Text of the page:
Roflumilast is an oral, PDE-4 inhibitor that is approved for COPD patients in the United States. Randomized controlled trials and a meta-analysis were performed to investigate the effects of PDE-4 inhibitors. A randomized controlled trial in which 3091 patients with COPD enrolled showed that Roflumilast significantly improved the trough FEV1 and decreased the rate of moderate to severe exacerbations during the 52 week trial [88]. In another trial, 933 patients with moderate to severe COPD were enrolled in and randomly assigned to roflumilast plus salmeterol or salmeterol alone and 743 patients were randomly assigned to roflumilast plus tiotropium or tiotropium alone [89]. Roflumilast significantly improved the trough FEV1, though such side effects of nausea, diarrhea, and weight loss were more frequent in the roflumilast groups. A meta-analysis of 23 randomized trials of roflumilast or cilomilast (another PDE-4 inhibitor) versus placebo found that treatment with a PDE-4 inhibitor modestly improved FEV1 and reduced the risk of exacerbations but had little effect on the health-related QOL [90]. Those studies suggest that oral PDE-4 inhibitors may be considered as an additional maintenance therapy for patients with severe COPD for preventing exacerbations. It has not been determined whether it provides additional benefits when combined with other medications (LABA and LAMA, or LABA and inhaled corticosteroids).

Novel therapeutic targets for the future pharmacological therapy of COPD

An important goal of COPD management is to reduce disease progression, prevent exacerbations, and reduce the mortality rate. Although recent advances in bronchodilators have enabled significant bronchodilation effects and improvement of the symptoms and quality of life, current therapies including long-acting bronchodilators fail to substantially reduce disease progression, mortality and the risk of exacerbations because bronchodilators don’t have significantly anti-inflammatory effects. It has been shown that COPD is associated with chronic inflammation in peripheral airways and lung parenchyma as well as systemic inflammation causing comorbidities including cardiovascular diseases. Therefore, it is natural that effective anti-inflammatory treatment would be necessary for reducing the disease progression and the mortality of COPD patients. However, no current therapies including inhaled corticosteroids and PDE-4 inhibitor is sufficiently effective to treat the underlying inflammation in COPD patients.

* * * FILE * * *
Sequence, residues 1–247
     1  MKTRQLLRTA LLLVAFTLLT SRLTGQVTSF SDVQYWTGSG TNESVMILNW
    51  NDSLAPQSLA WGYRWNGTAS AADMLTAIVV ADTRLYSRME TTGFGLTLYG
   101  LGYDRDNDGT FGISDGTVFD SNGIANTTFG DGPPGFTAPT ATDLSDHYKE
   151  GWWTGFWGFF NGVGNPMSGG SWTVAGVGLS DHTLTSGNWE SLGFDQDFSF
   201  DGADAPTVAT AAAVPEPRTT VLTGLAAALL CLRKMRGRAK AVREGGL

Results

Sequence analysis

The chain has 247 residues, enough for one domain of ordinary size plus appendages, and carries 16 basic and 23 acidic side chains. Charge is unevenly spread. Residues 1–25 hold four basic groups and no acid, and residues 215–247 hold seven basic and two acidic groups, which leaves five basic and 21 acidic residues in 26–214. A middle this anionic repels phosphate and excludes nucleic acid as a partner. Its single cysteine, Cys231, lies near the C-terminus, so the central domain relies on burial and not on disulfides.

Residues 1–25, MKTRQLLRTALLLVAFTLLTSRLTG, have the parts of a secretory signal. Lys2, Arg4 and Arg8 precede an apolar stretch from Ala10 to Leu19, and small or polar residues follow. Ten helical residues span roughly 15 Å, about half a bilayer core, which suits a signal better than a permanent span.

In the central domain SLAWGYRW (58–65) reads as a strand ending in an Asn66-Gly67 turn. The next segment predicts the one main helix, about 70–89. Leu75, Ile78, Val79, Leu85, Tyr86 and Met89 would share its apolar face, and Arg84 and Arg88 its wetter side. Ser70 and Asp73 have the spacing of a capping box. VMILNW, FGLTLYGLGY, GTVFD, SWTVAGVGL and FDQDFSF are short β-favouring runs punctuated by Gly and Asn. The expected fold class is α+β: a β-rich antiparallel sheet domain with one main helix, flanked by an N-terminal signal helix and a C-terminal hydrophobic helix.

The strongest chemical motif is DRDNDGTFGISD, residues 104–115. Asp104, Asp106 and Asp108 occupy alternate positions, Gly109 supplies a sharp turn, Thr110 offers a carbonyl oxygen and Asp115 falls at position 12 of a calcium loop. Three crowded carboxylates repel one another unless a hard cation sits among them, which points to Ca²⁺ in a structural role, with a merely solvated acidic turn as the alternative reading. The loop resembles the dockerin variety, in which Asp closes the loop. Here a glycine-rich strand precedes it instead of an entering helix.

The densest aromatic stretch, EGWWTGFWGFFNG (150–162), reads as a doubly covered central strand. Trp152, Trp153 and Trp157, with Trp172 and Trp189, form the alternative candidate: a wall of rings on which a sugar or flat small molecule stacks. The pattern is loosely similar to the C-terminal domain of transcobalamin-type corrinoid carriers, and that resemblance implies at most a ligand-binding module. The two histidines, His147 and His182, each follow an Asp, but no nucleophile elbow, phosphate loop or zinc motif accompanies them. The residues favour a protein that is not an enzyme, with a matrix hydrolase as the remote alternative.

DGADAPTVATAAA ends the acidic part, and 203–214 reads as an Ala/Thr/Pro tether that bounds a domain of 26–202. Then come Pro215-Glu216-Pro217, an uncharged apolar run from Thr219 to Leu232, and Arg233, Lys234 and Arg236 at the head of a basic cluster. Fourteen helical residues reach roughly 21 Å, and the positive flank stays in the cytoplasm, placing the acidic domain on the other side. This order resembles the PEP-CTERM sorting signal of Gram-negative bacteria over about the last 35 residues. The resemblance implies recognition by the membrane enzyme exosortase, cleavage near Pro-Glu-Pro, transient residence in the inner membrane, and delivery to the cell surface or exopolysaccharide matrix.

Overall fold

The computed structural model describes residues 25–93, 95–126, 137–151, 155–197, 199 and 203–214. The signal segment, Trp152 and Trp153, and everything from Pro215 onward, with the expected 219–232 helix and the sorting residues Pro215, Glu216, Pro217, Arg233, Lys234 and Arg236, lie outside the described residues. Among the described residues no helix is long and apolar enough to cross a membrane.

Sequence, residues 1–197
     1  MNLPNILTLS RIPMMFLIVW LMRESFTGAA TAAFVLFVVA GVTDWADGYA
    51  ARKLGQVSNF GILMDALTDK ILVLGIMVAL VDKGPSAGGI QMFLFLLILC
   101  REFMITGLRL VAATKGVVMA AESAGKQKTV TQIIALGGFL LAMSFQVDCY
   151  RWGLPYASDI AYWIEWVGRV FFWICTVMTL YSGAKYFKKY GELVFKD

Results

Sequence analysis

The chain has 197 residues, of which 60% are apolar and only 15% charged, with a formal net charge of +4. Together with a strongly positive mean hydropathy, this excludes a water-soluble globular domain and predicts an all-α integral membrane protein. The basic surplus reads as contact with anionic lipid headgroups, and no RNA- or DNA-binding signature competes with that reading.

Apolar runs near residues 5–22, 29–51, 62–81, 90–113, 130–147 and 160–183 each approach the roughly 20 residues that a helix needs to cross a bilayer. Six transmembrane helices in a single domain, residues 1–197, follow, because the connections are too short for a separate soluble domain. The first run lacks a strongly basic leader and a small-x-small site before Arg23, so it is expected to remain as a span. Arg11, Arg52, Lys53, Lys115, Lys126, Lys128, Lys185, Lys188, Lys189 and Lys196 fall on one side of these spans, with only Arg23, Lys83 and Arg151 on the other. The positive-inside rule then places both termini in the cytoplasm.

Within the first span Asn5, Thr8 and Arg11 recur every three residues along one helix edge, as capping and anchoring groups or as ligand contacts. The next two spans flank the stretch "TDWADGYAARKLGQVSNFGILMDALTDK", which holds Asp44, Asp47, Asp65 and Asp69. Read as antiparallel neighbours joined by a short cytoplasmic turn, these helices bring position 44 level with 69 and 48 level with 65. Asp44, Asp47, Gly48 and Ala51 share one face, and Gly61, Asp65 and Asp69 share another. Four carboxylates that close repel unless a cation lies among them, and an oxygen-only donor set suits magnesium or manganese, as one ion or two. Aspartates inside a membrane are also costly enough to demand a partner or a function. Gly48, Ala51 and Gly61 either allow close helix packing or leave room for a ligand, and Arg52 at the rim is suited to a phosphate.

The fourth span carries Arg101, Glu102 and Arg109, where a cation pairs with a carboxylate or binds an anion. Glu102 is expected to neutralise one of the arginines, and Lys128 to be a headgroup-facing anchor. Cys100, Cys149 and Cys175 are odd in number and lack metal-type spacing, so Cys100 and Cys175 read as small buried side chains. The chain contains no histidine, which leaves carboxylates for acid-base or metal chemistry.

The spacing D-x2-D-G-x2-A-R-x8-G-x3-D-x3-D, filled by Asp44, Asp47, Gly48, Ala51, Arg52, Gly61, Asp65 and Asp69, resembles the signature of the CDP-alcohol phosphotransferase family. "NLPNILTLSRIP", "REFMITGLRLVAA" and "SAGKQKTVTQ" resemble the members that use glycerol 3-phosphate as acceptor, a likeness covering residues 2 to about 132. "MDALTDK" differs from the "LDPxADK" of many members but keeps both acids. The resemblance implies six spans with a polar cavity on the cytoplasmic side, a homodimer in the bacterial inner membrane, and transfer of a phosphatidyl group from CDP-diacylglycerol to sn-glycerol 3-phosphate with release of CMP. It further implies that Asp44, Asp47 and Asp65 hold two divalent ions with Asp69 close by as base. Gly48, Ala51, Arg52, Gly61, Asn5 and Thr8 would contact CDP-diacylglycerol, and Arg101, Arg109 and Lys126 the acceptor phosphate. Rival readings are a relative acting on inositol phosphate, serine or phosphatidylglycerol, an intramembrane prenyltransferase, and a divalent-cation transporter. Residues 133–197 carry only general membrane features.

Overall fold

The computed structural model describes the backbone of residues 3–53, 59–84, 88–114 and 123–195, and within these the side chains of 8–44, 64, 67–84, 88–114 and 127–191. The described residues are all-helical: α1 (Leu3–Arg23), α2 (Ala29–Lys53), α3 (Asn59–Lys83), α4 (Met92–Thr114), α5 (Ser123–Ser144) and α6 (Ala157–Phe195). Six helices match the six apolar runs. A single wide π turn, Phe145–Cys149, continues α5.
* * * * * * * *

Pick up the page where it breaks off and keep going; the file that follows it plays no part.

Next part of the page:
Recent advances in the research of the underlying inflammation have been suggesting new therapeutic targets for anti-inflammatory treatments in COPD patients (Fig. 1) [91]. These possible therapeutic approaches include new antioxidants, inflammasome inhibitors, antagonists of cytokines or chemokines, inhibitors for pro-inflammatory kinase, antiproteases, reversal of steroid resistance, and epigenetic modulation, some of which are undergoing clinical trials.

Fig. 1
figure 1

Therapeutic targets for future pharmacological therapy of COPD. Recent advances in the research of underlying chronic inflammation provide new therapeutic targets for COPD patients. These possible therapeutic approaches include new antioxidants, inflammasome inhibitors, antagonists of cytokines or chemokines, inhibitors for pro-inflammatory kinase, antiproteases, and epigenetic modulation. IKK: inhibitor of NF-κB kinase; IL: interleukin; JAK: janus kinase; MAPK: mitogen-activated kinase; NRF-2: NF-E2-related factor; NLRP3: NOD-like receptor family, pyrin domain containing 3; PI3K: phosphoinositide 3-kinase

It has been suggested that there are barriers to establishing new therapeutic approaches for COPD [91, 92]. These barriers include incomplete understanding of the underlying mechanisms of COPD, lack of an appropriate animal model, the heterogeneity of the disease, lack of biomarkers for predicting therapeutic response and long-duration trials needed for demonstration of clinical efficacy. Moreover, it is also important to accomplish complete pathophysiological evaluation and characterization of COPD patients to select an appropriate treatment for each clinical phenotype of COPD in order to achieve the best management. Therefore, further investigations for better understanding of the biological and pathophysiological processes of COPD are needed to achieve the goal of COPD management.


Recent advances in the development of long-acting bronchodilators have enabled significantly improvements in the symptoms and lung function of COPD patients. These reagents also reduce the risk of exacerbation and the rate of the progression of airflow limitation to some extent. To establish novel COPD therapies that can substantially reduce disease progression, mortality and the comorbidities, new therapeutic approaches that can resolve the underlying chronic inflammation and lung pathophysiological modifications in COPD are needed, and are being investigated.



cyclic adenosine monophosphate


Chronic obstructive pulmonary disease


Dry powder inhaler

FEV1 :

Forced expiratory volume in one second


Forced vital capacity


Inhaled corticosteroid


Long-acting β2-agonist


Long-acting muscarinic antagonists


Metered-dose inhaler


Quality of life


short-acting β2-agonist


St. George's respiratory questionnaire


Soft mist inhaler


Transition dyspnea index


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Yamada, M., Ichinose, M. Cutting edge of COPD therapy: current pharmacological therapy and future direction. COPD Res Pract 1, 5 (2015).